Loren Shook
Loren Shook

Today we know more about what’s possible in memory care than ever before.

One of the biggest misconceptions about memory care is that a dementia diagnosis indicates the end of a meaningful life. We have proven this all too commonly held belief among professionals, families and the people who receive the diagnosis to be a myth thousands of times over the past 21 years. Purposeful living can go far beyond a dementia diagnosis.

Our newly released book, “New Possibilities in Memory Care: The Silverado Story,” aims to give hope and strength to families and inspire innovation across our industry.

When we founded Silverado in 1996, the vast majority of people with memory impairment were not being treated with the dignity and respect they deserved. We knew the world could do better, and it has done better, but much still remains to be done. As Silverado co-founders, Steve Winner and I were inspired to write this book after witnessing thousands of lives changed as a result of being in the right care environment.

When families read our story, we want them to feel empowered not only to seek the right help, but to take some of what we have learned and incorporate it into interactions with their own loved one. One of the most groundbreaking topics included in the book is Nexus, our signature brain-health program for people with early stage memory impairment. Researchers now know that we can take steps today to help slow the progression of dementia and even delay its onset.

Two years ago, we decided to create an entire program dedicated to implement these findings. In “New Possibilities in Memory Care: The Silverado Story,” readers will get a first look at some of the successes to come out of the program.

This book also was written for healthcare professionals. It’s imperative that our industry always be forward-looking. As baby boomers retire and the population ages, dementia is going to become one of the greatest challenges of our time. Too many people think of a bad experience they had as a child, visiting grandma in a scary, smelly nursing home of 35 years ago. But as more and more people gain experience with good senior housing operators, they will see the difference the right environment can make on an elderly person’s quality of life.

Scientific evidence shows that social isolation of the person suffering from memory impairment actually exacerbates his or her cognitive decline. Add to that depression, malnutrition, lack of stimulation and overmedication and it gets even worse. This does not need to happen today.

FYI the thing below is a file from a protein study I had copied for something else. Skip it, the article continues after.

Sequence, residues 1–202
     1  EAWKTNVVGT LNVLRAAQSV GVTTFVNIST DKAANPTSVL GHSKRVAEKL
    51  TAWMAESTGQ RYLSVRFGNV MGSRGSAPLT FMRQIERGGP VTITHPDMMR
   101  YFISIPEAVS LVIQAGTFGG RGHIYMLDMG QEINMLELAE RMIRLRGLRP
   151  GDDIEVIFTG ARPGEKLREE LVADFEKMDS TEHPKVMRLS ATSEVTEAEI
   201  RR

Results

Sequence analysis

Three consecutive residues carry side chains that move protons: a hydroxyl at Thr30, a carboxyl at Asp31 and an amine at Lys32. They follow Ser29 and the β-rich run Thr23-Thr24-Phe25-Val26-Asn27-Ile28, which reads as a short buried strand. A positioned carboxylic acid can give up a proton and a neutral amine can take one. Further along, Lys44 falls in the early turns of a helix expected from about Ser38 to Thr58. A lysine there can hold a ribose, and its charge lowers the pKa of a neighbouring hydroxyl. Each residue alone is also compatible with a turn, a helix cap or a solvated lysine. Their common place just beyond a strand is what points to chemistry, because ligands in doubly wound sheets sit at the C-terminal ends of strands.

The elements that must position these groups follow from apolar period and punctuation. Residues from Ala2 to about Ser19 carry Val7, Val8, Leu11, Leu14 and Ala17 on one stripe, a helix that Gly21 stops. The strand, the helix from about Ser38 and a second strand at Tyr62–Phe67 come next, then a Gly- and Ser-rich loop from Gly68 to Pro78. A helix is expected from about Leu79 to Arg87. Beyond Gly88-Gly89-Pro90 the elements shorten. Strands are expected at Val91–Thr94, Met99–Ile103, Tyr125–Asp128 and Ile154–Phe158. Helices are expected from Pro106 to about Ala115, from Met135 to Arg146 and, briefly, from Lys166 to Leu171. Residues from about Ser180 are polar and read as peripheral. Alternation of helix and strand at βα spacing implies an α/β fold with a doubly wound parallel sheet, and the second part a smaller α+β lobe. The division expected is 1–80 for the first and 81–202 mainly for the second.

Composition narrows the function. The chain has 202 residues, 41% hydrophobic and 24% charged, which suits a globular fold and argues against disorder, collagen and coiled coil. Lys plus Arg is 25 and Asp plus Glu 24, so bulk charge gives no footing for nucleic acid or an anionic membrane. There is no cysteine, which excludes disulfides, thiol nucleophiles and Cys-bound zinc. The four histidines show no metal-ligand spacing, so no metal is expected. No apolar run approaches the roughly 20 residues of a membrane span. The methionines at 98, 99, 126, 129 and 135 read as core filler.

“New Possibilities in Memory Care: The Silverado Story” gives a glimpse into a world where we eliminate completely the stigma attached to memory-impairing diseases. It also broadens the discussion by addressing how this affects children and families as well as end of life matters.

Ultimately, we want readers to feel empowered by our knowledge, and to know not to accept the status quo. People suffering from memory impairment never lose the desire to love and be loved just like you and me.

Stories of lives transformed inspire us at Silverado, and it’s our hope that readers find these stories inspiring too!

Loren Shook is founder, president, chairman and CEO of Silverado, which has 36 communities specializing in serving those with Alzheimer’s and other memory impairing conditions; 10 Silverado Hospice sites, including palliative care; and six Silverado Home Care offices. He is chairman of the board and an executive committee member of Argentum and a member of the boards of the American Seniors Housing Association, the University of Southern California Leonard Davis School of Gerontology and the Covenant Health Network. For more information about “New Possibilities in Memory Care: The Silverado Story,” see the Silverado website.

McKnight’s Senior Living welcomes guest columns on subjects of value to the industry. Please see our submission guidelines for more information.